Australia captain Michael Clarke and pace bowler Ryan Harris have both announced that corruption and match-fixing is something they “take personally” since it “damages the credibility of the sport”.
Harris, who is currently recovering from knee surgery, was pleased that Australia had returned to the top of the Test team rankings, but admitted that it was “unfortunate” to be talking about corruption and match-fixing.
“I’ve been out there and done my best, my teammates have, it’s just a very unfortunate thing that we’re talking about corruption,” Harris said. “Corruption in any sport I think is wrong and it damages the credibility of the sport. That’s something that as players we take personally, because every time we go out as an Australian cricket team, and I know a lot of other teams do as well, they go out to win.”
Clarke echoed his team-mate’s comments and added that he was confident that none of the Australian players were involved in match-fixing in any way whatsoever.
“I’m extremely confident about the players that I’ve played with,” Clarke said. “For this Australian team they all know very clearly that there is no room for corruption in our team. A big part of our job is to uphold the integrity of our sport and I think we do that well.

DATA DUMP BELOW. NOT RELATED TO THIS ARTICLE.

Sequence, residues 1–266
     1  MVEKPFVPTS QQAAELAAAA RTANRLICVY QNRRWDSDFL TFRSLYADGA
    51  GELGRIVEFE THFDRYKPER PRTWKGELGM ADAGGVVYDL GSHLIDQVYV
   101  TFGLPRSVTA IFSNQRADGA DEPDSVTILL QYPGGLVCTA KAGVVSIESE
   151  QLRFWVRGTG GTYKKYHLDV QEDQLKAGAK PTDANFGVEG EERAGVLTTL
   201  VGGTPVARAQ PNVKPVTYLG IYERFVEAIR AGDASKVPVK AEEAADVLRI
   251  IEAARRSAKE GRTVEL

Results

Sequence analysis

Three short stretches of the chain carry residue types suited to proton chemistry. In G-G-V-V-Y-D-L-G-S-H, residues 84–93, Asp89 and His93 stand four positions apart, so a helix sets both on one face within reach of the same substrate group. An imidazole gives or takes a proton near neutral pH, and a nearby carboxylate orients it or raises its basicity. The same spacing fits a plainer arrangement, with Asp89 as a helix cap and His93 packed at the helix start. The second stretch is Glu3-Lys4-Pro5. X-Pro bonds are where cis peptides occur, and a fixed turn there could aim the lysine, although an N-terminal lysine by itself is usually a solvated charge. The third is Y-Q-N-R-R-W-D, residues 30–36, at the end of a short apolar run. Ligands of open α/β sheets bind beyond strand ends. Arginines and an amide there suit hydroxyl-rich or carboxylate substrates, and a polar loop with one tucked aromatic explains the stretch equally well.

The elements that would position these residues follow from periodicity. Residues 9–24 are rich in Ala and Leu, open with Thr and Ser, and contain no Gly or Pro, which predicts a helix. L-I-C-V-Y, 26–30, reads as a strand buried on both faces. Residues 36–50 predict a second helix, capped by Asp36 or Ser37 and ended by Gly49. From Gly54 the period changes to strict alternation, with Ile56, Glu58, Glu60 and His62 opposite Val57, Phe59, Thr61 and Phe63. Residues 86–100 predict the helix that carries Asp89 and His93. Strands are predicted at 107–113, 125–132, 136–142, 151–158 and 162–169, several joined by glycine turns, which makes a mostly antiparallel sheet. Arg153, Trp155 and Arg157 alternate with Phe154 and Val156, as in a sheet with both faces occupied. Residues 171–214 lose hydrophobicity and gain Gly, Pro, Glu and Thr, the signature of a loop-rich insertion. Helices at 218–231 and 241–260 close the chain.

“Everybody involved in the game is disappointed that things like this happen but I want to pay credit to the ICC and Cricket Australia for the work they put in to try and stop this [and to] stamp it out of our game. Players have a big role to play as well, making sure that if you are approached or if something does come up, to go and speak to your captain, your team manager, the people at Cricket Australia.
“I don’t think we should be tarring all the players with the same brush as well. What we’ve seen of late it’s a minority that we’re dealing with in these type of issues. I’d be disappointed if the supporters and the fans of cricket think that this is happening a lot more than it is. I am very proud of what this current team has done and achieved and I think we are educated well on what is right and wrong.”
Clarke also noted that players get educated about the repercussions of match-fixing at a very young age in order to deter them from getting involved in the illegal trade and ruining their careers.
“What was I, 21, when I played my first ODI for Australia? And I think it probably started then in regards to international cricket,” Clarke said. “But these days you get educated from a very young age. Once you come into the first-class system, even on a rookie contract, so for some guys it starts at 16 years of age. I think the educational process that Australian cricketers go through is extremely thorough – we know the differences between right and wrong and what is accepted and what isn’t.”
Image courtesy of: ESPNcricinfo
Meanwhile, Harris conceded that it was getting tougher to find out about match-fixing in the sport since bookies and players are taking extra precautions to cover their tracks.
“It’s a tough question…you don’t know,” Harris said. “For me I’ve played to win and it’s not until afterwards you find out that things have gone wrong or things are under suspicion. At the time I don’t think of it, no one thinks of it.”